Mediterranean diet and telomere length – experts respond

According to a new study published in the British Medical Journal eating a Mediterranean diet might help extend your lifespan.

Source: Brigham and Women's Hospital
Source: Brigham and Women’s Hospital

The diet, which has been consistently linked with health benefits including reduced mortality and a lower risk of heart disease, appears to be associated with longer telomere length – a marker for slower ageing. The findings come from a study of almost 4700 nurses undertaken by researchers at the Harvard-affiliated Brigham and Women’s Hospital.

Telomeres sit on the end of chromosomes (like the plastic tips on the end of shoelaces), stopping them from fraying and scrambling the genetic codes they contain. In healthy people, telomeres shorten progressively throughout life, more than halving in length from infancy to adulthood, and halving again in the very elderly.

Our colleagues at the UK SMC collected the following expert commentary. Feel free to use these quotes in your reporting. If you would like to contact a New Zealand expert, please contact the SMC (04 499 5476;

Dr David Llewellyn, Senior Research Fellow in Clinical Epidemiology, University of Exeter, comments:

“The lifestyles and environments of people who adhere to a Mediterranean diet may also differ in other important ways. Crous-Bou and colleagues sensibly adjust for factors such as smoking and physical activity, though additional unmeasured or uncontrolled factors such as exposure to chemicals, stress, alcohol consumption and medication use may also play a role. In this way all observational studies have the potential to produce misleading estimates, and we should not assume that the association with telomere length is necessarily causal.

“That said, this large well conducted study is consistent with the hypothesis that dietary interventions may lead to substantial improvements in health. Exploring the relationship between diet and biological markers of ageing provides new clues about the processes that may contribute to the development of key age-related conditions such as dementia, cancer and cardiovascular disease.”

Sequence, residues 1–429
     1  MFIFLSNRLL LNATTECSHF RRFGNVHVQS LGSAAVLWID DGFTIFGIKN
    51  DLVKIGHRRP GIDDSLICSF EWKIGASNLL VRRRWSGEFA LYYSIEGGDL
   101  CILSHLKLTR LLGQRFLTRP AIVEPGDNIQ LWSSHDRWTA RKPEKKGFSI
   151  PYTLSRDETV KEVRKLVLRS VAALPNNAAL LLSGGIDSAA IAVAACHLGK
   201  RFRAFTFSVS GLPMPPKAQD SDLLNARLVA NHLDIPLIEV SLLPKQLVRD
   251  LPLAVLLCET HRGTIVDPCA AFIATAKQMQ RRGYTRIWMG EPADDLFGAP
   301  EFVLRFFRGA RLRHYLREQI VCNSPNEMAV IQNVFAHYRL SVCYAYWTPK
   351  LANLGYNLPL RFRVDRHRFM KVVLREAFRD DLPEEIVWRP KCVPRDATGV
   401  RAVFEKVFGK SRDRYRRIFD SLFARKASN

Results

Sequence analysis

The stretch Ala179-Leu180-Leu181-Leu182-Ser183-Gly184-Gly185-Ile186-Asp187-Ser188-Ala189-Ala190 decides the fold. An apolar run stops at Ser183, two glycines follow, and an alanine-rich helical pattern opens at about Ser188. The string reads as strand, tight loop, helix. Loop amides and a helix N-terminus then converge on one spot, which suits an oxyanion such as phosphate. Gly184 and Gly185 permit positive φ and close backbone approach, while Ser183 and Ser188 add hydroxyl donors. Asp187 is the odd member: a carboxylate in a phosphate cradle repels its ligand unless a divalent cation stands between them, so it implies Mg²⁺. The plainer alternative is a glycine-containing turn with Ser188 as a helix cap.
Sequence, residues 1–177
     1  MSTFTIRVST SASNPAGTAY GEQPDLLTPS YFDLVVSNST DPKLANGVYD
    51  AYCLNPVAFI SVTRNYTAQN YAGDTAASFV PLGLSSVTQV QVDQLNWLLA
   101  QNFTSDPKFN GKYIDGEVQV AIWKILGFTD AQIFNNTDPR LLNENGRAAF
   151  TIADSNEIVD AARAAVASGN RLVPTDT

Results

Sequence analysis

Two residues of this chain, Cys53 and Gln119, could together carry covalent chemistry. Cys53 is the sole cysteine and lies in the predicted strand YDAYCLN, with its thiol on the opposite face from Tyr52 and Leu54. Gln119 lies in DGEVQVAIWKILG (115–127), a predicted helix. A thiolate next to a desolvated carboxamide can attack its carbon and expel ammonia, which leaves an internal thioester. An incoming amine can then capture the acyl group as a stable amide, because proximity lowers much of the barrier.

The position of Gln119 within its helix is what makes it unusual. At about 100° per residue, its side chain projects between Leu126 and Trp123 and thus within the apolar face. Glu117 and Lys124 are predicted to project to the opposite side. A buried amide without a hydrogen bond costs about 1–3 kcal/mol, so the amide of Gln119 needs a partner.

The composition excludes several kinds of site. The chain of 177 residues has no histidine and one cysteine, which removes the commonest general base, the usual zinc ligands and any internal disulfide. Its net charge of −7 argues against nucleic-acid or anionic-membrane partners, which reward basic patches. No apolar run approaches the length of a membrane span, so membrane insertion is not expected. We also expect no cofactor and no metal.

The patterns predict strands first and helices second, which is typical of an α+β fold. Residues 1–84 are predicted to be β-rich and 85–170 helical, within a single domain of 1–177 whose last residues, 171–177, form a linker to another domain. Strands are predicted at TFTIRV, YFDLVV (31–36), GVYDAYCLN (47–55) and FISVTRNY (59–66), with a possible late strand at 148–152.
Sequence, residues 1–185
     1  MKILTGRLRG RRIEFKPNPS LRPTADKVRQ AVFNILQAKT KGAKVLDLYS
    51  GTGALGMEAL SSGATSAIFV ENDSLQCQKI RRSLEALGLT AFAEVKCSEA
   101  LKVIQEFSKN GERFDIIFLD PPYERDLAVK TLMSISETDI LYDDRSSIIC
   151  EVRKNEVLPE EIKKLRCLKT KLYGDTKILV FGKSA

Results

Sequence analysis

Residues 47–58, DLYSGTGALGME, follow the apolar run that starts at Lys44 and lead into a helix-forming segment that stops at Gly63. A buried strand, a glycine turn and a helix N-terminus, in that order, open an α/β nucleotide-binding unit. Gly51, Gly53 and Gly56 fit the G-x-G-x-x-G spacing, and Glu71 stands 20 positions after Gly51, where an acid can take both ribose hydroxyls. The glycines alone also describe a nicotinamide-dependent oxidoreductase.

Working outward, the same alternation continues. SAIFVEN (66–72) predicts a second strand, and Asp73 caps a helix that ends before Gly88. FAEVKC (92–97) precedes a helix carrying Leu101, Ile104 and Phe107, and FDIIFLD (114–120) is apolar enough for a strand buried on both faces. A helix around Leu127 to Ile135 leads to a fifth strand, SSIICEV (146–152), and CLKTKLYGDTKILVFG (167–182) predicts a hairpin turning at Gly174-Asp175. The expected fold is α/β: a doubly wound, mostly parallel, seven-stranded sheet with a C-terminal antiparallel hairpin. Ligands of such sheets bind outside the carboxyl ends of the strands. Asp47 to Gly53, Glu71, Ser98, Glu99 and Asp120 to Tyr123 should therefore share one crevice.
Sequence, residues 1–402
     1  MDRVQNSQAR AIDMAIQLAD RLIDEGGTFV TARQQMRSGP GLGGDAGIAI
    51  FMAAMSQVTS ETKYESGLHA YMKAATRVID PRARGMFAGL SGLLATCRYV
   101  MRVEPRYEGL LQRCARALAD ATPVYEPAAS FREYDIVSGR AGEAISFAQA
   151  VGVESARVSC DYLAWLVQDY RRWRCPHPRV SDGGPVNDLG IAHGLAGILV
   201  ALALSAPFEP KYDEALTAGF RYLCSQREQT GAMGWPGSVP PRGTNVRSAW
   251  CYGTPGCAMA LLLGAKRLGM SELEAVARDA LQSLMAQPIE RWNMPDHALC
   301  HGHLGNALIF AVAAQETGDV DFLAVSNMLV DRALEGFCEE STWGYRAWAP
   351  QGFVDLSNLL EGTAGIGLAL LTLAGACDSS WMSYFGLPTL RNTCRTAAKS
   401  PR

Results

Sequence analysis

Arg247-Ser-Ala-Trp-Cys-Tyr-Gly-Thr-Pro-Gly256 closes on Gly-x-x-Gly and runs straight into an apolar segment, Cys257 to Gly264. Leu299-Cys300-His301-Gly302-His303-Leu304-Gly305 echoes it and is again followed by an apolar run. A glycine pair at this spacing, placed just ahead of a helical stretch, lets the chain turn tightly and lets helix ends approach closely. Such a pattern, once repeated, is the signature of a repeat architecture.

Prof Naveed Sattar, Professor of Metabolic Medicine, University of Glasgow, comments:

“The extent we believe the value of an intervention of change in lifestyle depends on how well that change is related to a meaningful outcome or surrogate outcome. In this study, we are being asked to accept that a difference in telomere length is firstly explained by a specific dietary behaviour – in this case a Mediterranean diet – and second, that such a difference is predictive of future health benefits. Both such assumptions come with health warnings.

“Firstly, rather than the dietary behaviour, as this is an observational study, many other aspects of the nurses lifestyle who ate such a diet may explain the telomere length being greater. Secondly, telomere length, whilst of interest, is a relatively new risk marker and whether it meaningfully predicts longer term health consequences in way that give true signals for future health is still under debate.

“I would therefore suggest the findings in this study are of interest but by no means conclusive. It would be nice to see such data replicated in a clinical trial with proper interventions on diet or other interventions, and only randomisation can limit bias.”

Gaynor Bussell, Dietitian and Public Health Nutritionist, comments:

“The Mediterranean diet has certainly had plenty of coverage recently and all the research seems very positive. This is yet another positive story this time with regard to telomere length, which is associated with life length.

“However, many health experts have been frustrated by the fact that it is very hard to define what the Mediterranean diet actually is. In this study, the researchers seem to have captured certain elements of what is perceived to be the Mediterranean diet and have suggested that it is all these elements coming together that make it such a healthy diet. This still leaves the definition of this diet still a little vague and therefore hard to reproduce so that similar research can be replicated to show that such a diet really does have a number of health benefits and to show what in the diet actually leads to these benefits

“It does show, however, what many diet experts have said for a while, that there are no ‘superfoods’ and maybe not even foods that are good or bad, but it’s the complete diet made up of a number of different foods (and not too much of any) that can offer a health advantage.”